Alumnus Richard Bose manages the technical efforts of the SuperTIGER and X-Calibur research teams in Antarctica
Richard Bose with research equipment in Antarctica, where a WashU team goes annually to study cosmic rays.
Richard Bose knows what it's like to go to the ends of the earth for science.
Bose, who earned a master's in electrical engineering from McKelvey School of Engineering in 2008, has gone to Antarctica three times since 2012 to support research on cosmic rays and X-rays. As a research engineer in the Laboratory for Experimental Astrophysics in the Department of Physics at Washington University in St. Louis, he works on the SuperTIGER and X-Calibur projects. SuperTIGER studies what made cosmic rays and how they get their energy, while X-Calibur studies the polarization of X-rays emitted by astrophysical sources.
Most recently, in late 2018 and early 2019, he and the team spent 73 days in Antarctica, celebrating Thanksgiving, Christmas and New Year's Day at McMurdo Station, the United States' research station on Ross Island, the solid ground farthest south that is accessible by ship. Except Bose and the WashU team, led by Henric Krawczynski, professor of physics, and Brian Rauch, research assistant professor of physics who earned two bachelor's degrees, a master's degree and a doctorate from WashU, didn't get to McMurdo Station by ship. They flew from St. Louis to New Zealand, where they had two days of orientation and got outfitted with gear appropriate for working outdoors in Antarctica's frigid temperatures. Then the team boarded a U.S. Air Force C-17 cargo plane from Christchurch, New Zealand, for a five-hour flight, only to land on a runway of packed snow on the Ross Ice Shelf.
"We go in November, which is their summer so the sun never sets, and the weather is similar to St. Louis' weather at that time," said Bose, who also earned a bachelor's degree in economics and physics from WashU in 2001 and has worked at the university since 2005. "But we can't launch the balloon until conditions are right, so we get it ready, then wait."
SuperTIGER, which stands for Super Trans-Iron Galactic Element Recorder, is a 4,000-pound balloon-borne instrument developed to measure the elemental composition of ultra-heavy galactic cosmic-ray nuclei and to accurately measure the energy spectra of the more abundant light elements. Its inaugural flight was in 2012–2013, sending down data after 55 days in the air. In 2016-2017, the team attempted to launch the balloon 16 times, but the winds were uncooperative. The team left its equipment there to winter over until it returned in November 2018.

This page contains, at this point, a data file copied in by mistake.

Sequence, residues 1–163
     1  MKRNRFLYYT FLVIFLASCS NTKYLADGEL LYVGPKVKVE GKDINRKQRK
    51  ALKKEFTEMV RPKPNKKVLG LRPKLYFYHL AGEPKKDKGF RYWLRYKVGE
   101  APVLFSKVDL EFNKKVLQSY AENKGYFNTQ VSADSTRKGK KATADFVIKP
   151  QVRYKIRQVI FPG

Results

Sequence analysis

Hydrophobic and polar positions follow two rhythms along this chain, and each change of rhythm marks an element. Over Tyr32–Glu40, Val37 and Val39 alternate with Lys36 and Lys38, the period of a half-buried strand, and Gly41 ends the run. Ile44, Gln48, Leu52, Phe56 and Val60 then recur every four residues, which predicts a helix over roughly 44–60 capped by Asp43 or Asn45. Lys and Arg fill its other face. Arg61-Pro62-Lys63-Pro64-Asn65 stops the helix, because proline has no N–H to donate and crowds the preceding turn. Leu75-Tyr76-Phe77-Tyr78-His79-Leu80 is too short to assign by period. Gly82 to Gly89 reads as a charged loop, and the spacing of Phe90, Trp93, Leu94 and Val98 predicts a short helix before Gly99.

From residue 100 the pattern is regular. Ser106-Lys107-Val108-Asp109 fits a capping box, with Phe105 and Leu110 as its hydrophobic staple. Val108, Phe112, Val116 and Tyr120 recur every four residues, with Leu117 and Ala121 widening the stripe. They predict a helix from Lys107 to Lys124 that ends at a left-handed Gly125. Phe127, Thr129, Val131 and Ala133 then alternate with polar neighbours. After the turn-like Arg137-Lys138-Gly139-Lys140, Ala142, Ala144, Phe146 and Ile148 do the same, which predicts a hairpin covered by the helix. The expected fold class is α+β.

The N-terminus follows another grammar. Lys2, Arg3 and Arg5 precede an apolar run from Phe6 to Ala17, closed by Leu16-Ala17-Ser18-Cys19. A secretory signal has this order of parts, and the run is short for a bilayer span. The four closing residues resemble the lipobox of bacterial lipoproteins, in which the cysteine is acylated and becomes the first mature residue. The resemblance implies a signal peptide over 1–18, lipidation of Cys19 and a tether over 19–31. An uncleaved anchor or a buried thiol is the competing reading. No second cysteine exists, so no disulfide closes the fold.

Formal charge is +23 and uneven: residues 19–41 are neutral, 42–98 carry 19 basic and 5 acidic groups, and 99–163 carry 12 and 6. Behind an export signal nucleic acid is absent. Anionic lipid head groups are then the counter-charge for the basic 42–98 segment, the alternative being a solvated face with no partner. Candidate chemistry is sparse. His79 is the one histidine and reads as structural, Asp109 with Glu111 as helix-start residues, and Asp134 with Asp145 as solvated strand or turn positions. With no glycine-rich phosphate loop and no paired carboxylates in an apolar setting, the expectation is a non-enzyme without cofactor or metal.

"We had two flight attempts this year," Bose said. "The second time it launched, but then something happened and the balloon leaked. We got a six-hour flight, but no data. It was brutal. It can be so successful, and it can be so heartbreaking. The broader story is perseverance on the harsh continent."
As research engineer, Bose is responsible for the electronics and circuit boards in SuperTIGER and X-Calibur as well as managing the technical efforts of the science team and interfacing with Columbia Scientific Balloon Facility personnel who support and launch NASA's balloon missions.
"As soon as something doesn't work quite right, they all look at me," he said.
Bose also worked on the X-Calibur project, a telescope used to observe the X-ray emission from a sample of black holes, neutron stars, and pulsars in the Milky Way galaxy. The team develops all of the electronics at WashU and integrates them into the telescope. X-Calibur flew for three days on its most recent mission, and the team has proposed to rebuild and fly again in a few years.
Bose said the balloons and their payloads are about 8,000 pounds combined.
When he's not building equipment for the scientific equipment, Bose is taking photographs. On the team's most recent trip, he took thousands of photographs and some videos to document the preparation, launch and recovery of the SuperTIGER. He compares his work on the project to a small business.
"We get to see the projects all the way through," he said. "We work with scientists and diagrams and get to pick out equipment and buy that. I design circuit boards and arrange for them to be made and assembled, do some debugging and FPGA programming, and maybe write a little bit of software."
Bose said the team plans to return to Antarctica for another try at the end of this year. In the meantime, some of the equipment has come back to WashU for the team to work on before its next trip.